Please contact Todd Heustis theustis@madriverhospital.com with any questions regarding the farm and hydroponic project.

Article by Ed Attanasio of TrustEDadvertising

Go Green Agriculture Goes with Agra Tech Greenhouse

gogreen_logoGo Green Agriculture is a family-owned farm in Encinitas, CA that grows leafy greens without soil in climate-controlled greenhouses made by Agra Tech, Inc. in Pittsburg, CA,commercial greenhouse manufacturer . The company grows lettuce, kale, spinach and basil year-round by carefully manipulating the light, humidity, temperature and nutrients, among other things, to produce ½ million plants for sale every month, through a wide range of retailers, including Barons Market, Safeway and Whole Foods, to name a few.

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Pierre Sleiman excited  about his new Agra Tech greenhouse

Last year, Pierre Sleiman, Jr. was honored as a member of The Champions of Change, a program that was created by the Obama administration as an opportunity for the White House to feature individuals, businesses and organizations doing extraordinary things to empower and inspire members of their communities. Sleiman was honored for doing extraordinary things to assist the next generation of farmers and ranchers, according to the White House.

Sleiman is a member of the board of directors of the San Diego County Farm Bureau, has a bachelor’s degree in computer science and business from UC Riverside and a master’s degree in business from UC San Diego. His idyllic vision is to have regional greenhouse farms all over the country, and eventually, why not the world?

“I can see a time when small greenhouse farms all over the United States will be serving their local communities with fresh vegetables and fruit,” Sleiman said. “We could vastly reduce the need of cross-country or international transportation that costs money, shelf life (time) and pollutes our earth with truck emissions. I’m not suggesting that all products can necessarily be grown locally and still be viable economically, but many crops surely can. With today’s technology, it’s possible… and we’re doing it.”

From the very beginning, Sleiman was entertaining big ideas while other kids were playing video games or hanging out at the mall. “I was that kid who keeps taking my parent’s radio apart and trying to figure how it works,” he explained. “I also had a dream about integrating technology with agriculture to find better and healthier ways to grow food. I believe that my role is to further integrate information systems technology with greenhouse automation and hydroponics to develop an effective system that will allow farming to be integrated into urban living and therefore create a more sustainable, local and safer food supply.”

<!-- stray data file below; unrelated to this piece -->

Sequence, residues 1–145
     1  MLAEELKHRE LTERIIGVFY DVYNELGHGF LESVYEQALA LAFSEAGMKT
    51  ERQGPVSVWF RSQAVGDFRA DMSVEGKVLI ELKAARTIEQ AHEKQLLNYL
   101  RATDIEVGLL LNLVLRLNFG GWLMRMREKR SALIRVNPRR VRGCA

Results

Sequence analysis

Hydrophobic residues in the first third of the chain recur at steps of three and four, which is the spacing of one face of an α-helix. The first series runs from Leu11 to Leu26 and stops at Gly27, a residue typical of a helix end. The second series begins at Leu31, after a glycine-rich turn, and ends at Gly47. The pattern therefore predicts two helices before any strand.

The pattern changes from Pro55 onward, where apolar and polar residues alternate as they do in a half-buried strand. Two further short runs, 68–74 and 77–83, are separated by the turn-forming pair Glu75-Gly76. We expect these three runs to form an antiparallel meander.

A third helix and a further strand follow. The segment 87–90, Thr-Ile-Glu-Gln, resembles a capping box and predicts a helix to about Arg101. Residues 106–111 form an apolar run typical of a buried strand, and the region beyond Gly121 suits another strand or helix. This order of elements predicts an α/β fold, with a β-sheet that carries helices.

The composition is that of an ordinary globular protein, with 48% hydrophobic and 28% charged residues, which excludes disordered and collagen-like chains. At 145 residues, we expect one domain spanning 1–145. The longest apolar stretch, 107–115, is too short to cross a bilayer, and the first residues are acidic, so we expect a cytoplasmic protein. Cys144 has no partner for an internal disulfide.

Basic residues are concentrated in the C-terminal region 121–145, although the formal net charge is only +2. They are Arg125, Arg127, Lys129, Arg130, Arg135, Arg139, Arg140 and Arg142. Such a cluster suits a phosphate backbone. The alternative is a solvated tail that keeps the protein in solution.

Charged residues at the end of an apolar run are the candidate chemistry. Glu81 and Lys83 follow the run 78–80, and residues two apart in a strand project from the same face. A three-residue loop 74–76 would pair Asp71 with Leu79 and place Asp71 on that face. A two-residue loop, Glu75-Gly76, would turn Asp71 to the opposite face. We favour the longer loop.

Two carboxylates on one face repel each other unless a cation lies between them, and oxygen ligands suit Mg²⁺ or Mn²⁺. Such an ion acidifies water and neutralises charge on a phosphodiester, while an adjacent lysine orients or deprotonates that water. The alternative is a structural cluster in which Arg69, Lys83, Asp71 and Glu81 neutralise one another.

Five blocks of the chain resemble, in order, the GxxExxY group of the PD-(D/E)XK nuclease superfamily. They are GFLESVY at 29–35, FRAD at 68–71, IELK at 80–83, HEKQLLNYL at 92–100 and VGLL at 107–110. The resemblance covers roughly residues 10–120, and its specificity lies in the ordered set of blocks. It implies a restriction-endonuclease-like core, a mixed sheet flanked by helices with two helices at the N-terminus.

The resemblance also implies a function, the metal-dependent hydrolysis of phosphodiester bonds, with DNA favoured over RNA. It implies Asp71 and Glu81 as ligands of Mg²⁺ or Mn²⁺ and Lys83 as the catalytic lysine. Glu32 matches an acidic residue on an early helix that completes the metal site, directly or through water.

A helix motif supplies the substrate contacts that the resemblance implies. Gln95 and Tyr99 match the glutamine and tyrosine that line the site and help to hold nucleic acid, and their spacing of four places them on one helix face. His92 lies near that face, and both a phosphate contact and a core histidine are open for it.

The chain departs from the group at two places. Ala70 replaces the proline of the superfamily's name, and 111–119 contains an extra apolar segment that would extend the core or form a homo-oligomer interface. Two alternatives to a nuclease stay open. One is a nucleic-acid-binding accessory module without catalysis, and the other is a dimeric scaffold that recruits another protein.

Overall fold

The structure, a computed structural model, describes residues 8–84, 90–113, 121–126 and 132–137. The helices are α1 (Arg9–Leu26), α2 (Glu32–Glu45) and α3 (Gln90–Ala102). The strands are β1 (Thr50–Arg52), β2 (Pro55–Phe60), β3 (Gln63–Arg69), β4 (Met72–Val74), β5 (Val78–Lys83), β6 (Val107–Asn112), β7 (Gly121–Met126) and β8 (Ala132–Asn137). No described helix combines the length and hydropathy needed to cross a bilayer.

Until about a year ago, Go Green was leasing greenhouse space in existing structures, until they decided to purchase a brand-new greenhouse from Agra Tech, Inc. “We searched for greenhouse companies and after talking to several of them, we went with Agra Tech,” Sleiman said. “We like the fact that they are located here in California, for one. And we wanted to have a greenhouse that we could customize and pretty much start from scratch and that’s what we got from Agra Tech.”

Another factor that swayed the Sleimans in Agra Tech’s direction was their customer service and specifically, their Agra Tech rep, Jim Bergantz. “The people at Agra Tech definitely made the difference and the customer service has been great since day one. Jim Bergantz will drive here to help us at the drop of a dime and it’s at least a 10-hour drive. He was willing to sit down with us and find a solution that was ideal for what we were trying to do and today our greenhouse looks gorgeous and we couldn’t be happier.”

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Agra Tech Continental greenhouse in production

 

By: Edmund Attanasio

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Agra Tech Greenhouse

Agra Tech Donates Solar Light Greenhouse to Sustainable Farm in Its Own Backyard

With a focus on reclaiming water, growing healthy food for schools and non-profit organizations, creating green jobs and reducing global warming in the Bay Area, the Coco San Sustainable Farms collaboration between the Central Contra Costa Sanitary District in Martinez, CA and AgLantis TM, a non-profit organization that has a triple bottom line – social, economic and environmental. A business model that provides healthy, fresh and sustainably produced local food and education for the community, this cutting-edge project is the first of its type in the entire country and a true groundbreaking enterprise in many ways.